Davon Potts eager to show he belongs after signing two-year deal with Alaska Aces
Davon Potts was all smiles after signing a two-year rookie deal with Alaska. Photo from Alaska Aces Instagram account

AFTER helping San Beda win a second straight NCAA men’s basketball championship, Davon Potts hopes to do the same thing with the Alaska Aces in the PBA.

The 24-year-old guard officially joined the Aces family when he and fellow rookie draftee Jeron Teng were signed to multi-year deals by the franchise on Wednesday.

Alaska alternate governor and team manager Dickie Bachmann led the simple formal contract signing.

Teng, the fifth overall pick in the last draft, signed a three-year, max deal worth P8.5 million.

The deal given to Potts was not as lucrative as that of Teng, but the Aces obviously have complete trust in him as he was offered a two-year contract.

That's not bad for someone taken midway in the second round (18th overall) of the draft, who managed to receive a longer pact than players selected ahead of him such as Mark Tallo, Jett Manuel, Joseph Gabayni, and Emil Palma (each signed to a one-year contract).

But the figures do not matter for the San Beda star, who’s ready to prove he’s far better than what his draft position suggests he is.

“I want to thank Boss Dickie, the whole Alaska organization. I want to help the Aces and try to win a championship in the near future,” he said after the contract-signing. “Also I want to become a part of the brotherhood of Alaska.”

Potts, who was personally scouted and convinced by former college coach Jamike Jarin to suit up for the Red Lions, also sees himself fitting well under coach Alex Compton’s system.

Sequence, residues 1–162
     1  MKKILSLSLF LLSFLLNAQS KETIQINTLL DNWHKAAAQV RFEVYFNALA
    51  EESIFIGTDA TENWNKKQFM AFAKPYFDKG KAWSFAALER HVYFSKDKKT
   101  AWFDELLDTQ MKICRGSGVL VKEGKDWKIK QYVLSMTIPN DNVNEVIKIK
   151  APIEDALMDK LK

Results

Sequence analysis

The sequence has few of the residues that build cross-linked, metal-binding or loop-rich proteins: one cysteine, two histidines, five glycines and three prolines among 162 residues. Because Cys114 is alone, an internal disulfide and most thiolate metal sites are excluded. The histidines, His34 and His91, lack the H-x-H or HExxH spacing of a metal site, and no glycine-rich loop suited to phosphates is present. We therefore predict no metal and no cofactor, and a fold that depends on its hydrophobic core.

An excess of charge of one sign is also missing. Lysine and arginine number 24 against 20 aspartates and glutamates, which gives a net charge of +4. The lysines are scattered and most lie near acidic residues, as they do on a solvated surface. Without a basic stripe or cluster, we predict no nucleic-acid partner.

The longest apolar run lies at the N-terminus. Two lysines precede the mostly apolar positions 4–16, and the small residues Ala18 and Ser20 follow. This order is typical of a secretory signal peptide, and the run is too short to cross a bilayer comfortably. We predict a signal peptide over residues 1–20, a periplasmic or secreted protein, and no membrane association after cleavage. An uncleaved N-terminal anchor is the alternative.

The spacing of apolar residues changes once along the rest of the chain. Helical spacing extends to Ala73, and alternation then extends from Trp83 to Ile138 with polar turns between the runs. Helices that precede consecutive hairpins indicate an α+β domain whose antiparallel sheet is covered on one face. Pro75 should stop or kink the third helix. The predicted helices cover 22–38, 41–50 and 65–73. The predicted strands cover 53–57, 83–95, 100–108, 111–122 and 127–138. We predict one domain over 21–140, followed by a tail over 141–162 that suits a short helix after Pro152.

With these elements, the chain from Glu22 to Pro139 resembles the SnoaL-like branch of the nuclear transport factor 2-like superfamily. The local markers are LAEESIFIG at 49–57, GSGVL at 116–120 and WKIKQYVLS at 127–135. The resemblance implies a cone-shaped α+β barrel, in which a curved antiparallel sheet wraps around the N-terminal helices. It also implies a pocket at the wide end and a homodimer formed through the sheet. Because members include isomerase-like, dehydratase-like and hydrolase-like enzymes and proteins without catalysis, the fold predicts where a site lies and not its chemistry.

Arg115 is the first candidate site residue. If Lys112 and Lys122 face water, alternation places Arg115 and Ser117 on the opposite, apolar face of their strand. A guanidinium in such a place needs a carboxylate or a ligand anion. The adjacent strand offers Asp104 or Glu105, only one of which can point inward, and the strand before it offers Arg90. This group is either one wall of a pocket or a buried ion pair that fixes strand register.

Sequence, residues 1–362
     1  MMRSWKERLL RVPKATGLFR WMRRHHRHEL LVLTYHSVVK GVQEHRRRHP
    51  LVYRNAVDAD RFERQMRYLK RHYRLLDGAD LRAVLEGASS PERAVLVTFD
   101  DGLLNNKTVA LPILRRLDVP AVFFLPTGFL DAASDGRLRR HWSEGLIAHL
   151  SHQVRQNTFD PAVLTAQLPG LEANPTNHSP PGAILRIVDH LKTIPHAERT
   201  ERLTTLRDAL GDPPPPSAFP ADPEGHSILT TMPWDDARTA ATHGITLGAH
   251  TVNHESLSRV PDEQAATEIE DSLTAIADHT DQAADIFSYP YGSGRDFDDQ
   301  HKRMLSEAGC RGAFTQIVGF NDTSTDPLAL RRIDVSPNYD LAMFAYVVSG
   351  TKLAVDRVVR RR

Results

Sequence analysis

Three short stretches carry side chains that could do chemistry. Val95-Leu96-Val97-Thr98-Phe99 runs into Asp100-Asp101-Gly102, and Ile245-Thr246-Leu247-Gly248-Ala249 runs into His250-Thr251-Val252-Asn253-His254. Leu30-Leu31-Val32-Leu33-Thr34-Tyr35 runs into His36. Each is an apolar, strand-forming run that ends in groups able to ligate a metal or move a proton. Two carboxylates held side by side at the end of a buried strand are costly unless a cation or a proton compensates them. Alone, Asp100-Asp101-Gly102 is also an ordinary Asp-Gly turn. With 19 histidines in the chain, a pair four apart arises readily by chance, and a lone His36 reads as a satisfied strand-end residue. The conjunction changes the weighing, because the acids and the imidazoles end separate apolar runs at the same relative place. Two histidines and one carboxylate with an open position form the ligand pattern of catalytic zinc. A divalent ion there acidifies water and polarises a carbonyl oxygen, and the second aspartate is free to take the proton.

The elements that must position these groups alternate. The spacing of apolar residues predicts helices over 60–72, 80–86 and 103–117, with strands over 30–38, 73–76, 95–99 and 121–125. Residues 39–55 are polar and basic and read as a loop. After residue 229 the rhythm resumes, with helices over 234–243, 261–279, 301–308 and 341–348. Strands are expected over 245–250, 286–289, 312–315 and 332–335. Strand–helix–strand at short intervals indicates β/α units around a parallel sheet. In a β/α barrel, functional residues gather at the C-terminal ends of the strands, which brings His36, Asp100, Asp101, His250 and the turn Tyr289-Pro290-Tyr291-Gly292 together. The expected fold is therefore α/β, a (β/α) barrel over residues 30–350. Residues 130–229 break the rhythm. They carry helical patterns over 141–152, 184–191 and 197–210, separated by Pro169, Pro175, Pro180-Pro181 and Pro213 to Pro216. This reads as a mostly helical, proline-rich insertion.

“It will be exciting playing for coach Alex because it’s an uptempo system that I’m familiar with,” said the native of Cerritos, California. “My teammates compete each day in practice to make each other better, and we have each other’s back on and off the court.”

Finally playing in Asia’s first ever play-for-pay league is also a dream come true for Potts, who wants to inspire the Filipino youth about taking the game of basketball in whatever which way he can.

“It’s a blessing. This is a new beginning,” he admitted.

“I want to thank my family back in LA, my family in Cavite. More so, it’s for the youth, all those that looked up to me to know that they inspire me as well,” Potts added. “I want to thank them for making me not only a better basketball player, but a better person because without their support, I wouldn’t be where I am today.” 


Follow the writer on Twitter: @gerardmos